Washington State Civic Poet Claudia Castro Luna will join documentary filmmaker Jorge Pech Casanova and Oaxacan artist Fulgencio Lazo for an evening of border-busting, bilingual art and culture about refugees and migration. Learn about the march of the Central American asylum seekers and share some humanity in these cruel times.
Capitol Hill Art Walk
Every second Thursday, rain or shine, the streets of Capitol Hill are filled with tipsy art lovers checking out galleries and special events. Check out our critics' picks for this month here. This is the Pride edition.
This drama by aptly named playwright David Harrower premiered at the Edinburgh International Festival in 2005. A 27-year-old woman, Una, arrives unexpectedly at the office of Ray, the man with whom she had a sexual relationship 15 years earlier. Ray has embarked upon a new life, but Una is beset by rage, confusion, trauma, and her past feelings. Paul Budraitis will take up the director's mantle for this Seattle premiere, produced by White Rabbits Inc and Libby Barnard.
(Our Love Is) Unbroken by Bars
Childbirth is one of the most miraculous and dangerous things a human can do. A body brings new life into this world while sometimes risking its own well-being to do so—especially here in the United States, where we have the highest rate of maternal mortality in the industrialized world. Now imagine having to do it in chains. (Our Love Is) Unbroken by Bars tells the stories of the many women who gave birth while shackled in prison, through the medium of photography, videography, and painting, seeking to heal formerly incarcerated mothers and raise awareness of the injustice facing those who are still behind bars. The exhibition will also feature work by renowned street artists Jess X Snow and Shyama R. Kuver. JASMYNE KEIMIG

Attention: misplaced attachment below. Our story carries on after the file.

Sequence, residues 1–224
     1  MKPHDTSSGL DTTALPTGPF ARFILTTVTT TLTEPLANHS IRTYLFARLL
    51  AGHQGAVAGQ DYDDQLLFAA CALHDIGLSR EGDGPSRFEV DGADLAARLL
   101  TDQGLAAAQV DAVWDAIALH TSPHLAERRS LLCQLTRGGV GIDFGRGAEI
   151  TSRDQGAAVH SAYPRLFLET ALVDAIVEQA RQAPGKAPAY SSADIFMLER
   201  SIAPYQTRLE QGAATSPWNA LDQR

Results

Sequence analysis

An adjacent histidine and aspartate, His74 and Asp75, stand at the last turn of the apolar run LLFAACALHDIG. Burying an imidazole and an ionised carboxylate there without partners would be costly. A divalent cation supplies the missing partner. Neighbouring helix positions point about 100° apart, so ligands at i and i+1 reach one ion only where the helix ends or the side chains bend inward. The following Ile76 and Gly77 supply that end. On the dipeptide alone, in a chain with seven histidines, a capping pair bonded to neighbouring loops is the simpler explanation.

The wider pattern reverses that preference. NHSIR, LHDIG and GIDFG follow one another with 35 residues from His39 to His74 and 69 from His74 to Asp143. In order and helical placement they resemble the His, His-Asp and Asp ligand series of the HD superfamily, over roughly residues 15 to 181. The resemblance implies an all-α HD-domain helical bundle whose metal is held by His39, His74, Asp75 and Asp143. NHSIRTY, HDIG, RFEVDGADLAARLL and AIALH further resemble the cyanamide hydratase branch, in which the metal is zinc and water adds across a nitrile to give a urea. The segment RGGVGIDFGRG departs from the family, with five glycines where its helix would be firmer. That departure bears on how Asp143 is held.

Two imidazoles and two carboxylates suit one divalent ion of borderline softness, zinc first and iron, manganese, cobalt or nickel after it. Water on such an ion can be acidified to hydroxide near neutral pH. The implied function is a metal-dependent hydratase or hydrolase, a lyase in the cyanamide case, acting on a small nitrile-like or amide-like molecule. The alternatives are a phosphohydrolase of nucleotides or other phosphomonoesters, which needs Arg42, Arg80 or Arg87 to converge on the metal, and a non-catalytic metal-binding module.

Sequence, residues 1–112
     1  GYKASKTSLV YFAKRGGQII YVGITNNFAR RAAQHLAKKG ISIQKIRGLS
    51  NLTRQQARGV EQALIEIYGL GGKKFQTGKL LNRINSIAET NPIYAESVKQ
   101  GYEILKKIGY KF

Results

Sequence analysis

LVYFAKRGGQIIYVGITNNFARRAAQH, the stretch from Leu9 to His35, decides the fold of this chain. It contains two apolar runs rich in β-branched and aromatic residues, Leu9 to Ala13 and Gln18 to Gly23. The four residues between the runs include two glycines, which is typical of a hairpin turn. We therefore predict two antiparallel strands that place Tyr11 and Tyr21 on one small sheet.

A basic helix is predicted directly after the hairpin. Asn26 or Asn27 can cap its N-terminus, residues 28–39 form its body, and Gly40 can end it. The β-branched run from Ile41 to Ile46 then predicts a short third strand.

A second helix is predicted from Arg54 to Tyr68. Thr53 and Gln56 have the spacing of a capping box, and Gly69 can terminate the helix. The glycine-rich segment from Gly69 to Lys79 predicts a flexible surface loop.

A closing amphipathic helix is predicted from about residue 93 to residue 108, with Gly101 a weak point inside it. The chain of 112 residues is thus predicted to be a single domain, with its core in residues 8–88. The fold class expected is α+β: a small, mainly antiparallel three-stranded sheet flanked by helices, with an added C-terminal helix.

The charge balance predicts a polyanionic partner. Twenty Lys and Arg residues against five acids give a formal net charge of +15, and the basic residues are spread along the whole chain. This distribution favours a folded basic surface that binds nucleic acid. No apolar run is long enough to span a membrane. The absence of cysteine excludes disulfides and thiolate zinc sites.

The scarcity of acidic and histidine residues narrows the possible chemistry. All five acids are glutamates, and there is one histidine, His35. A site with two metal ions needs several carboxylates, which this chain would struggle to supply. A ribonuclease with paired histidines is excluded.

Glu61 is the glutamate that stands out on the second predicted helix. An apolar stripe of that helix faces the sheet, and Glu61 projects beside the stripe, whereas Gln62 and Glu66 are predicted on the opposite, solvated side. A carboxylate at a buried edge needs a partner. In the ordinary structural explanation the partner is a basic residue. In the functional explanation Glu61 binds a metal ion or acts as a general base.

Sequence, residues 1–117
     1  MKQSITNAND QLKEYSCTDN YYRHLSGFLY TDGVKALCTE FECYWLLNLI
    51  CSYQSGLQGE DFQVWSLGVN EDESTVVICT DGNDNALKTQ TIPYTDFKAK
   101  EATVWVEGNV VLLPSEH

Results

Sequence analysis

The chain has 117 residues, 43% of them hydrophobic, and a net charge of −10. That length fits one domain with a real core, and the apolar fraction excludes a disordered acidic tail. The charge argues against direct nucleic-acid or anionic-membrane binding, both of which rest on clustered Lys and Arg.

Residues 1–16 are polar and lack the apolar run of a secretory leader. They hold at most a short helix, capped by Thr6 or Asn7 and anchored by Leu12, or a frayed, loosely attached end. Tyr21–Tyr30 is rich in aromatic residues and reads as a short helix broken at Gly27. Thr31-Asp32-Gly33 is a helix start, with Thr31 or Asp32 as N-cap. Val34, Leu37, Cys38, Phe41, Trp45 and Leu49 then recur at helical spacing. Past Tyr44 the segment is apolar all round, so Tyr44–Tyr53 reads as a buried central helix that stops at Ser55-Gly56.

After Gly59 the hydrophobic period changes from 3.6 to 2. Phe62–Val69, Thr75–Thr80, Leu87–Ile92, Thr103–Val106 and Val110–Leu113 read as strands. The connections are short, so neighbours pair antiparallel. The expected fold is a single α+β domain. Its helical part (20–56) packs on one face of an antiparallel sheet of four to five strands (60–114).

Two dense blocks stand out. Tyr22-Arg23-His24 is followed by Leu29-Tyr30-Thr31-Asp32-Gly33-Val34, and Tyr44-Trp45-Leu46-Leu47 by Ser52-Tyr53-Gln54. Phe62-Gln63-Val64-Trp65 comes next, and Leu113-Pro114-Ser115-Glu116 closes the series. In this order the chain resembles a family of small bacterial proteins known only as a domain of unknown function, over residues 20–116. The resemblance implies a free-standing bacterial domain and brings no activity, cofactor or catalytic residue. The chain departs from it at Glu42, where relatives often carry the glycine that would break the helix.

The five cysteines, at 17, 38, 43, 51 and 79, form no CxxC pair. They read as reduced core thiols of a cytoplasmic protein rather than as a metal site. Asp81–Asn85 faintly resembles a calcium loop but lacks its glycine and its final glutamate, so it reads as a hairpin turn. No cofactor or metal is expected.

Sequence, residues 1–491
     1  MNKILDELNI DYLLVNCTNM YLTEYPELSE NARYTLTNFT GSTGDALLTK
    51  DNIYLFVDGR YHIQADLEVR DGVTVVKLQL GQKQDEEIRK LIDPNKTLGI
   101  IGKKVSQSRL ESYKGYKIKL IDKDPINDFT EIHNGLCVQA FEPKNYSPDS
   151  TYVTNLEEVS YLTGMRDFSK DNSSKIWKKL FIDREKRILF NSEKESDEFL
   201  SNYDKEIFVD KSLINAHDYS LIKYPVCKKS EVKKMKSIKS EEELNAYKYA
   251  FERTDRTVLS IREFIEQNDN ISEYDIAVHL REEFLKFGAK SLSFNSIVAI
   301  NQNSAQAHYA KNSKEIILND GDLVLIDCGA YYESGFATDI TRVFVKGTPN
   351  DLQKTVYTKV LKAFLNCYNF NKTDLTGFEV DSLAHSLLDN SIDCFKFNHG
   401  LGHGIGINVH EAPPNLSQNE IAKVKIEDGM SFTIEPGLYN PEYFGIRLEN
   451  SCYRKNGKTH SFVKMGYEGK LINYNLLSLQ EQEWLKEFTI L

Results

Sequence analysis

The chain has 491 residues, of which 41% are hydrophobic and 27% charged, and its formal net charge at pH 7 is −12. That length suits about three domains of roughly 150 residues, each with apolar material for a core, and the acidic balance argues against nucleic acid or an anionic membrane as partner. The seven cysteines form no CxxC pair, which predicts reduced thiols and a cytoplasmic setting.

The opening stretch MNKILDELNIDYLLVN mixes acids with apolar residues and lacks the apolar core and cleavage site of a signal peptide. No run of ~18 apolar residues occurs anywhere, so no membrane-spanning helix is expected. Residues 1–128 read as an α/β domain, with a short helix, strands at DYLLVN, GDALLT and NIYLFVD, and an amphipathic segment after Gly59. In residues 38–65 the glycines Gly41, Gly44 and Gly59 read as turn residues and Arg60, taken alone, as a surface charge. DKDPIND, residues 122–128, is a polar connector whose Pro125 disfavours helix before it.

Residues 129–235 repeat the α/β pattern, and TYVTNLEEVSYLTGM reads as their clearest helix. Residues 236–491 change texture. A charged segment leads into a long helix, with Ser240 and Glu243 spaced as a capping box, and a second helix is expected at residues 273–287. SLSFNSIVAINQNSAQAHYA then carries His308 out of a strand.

Wandering What Is
How do artists relate to creative existence beyond themselves? That what's explored in Wandering What Is, a group show curated by Dori Hana Scherer, with makers who have developed structures that capture their methods and personal processes.
'The War in Heaven' and 'The Waste Land'
ACTLab and New City Theatre have teamed up to stage two short masterpieces, Sam Shepard's War in Heaven (about an innocent angel who crashes to Earth and witnesses societal turmoil) and T.S. Eliot's poem The Waste Land. New City's Mary Ewald plays both the angel and Eliot's myriad characters. Directed by John Kazanjian.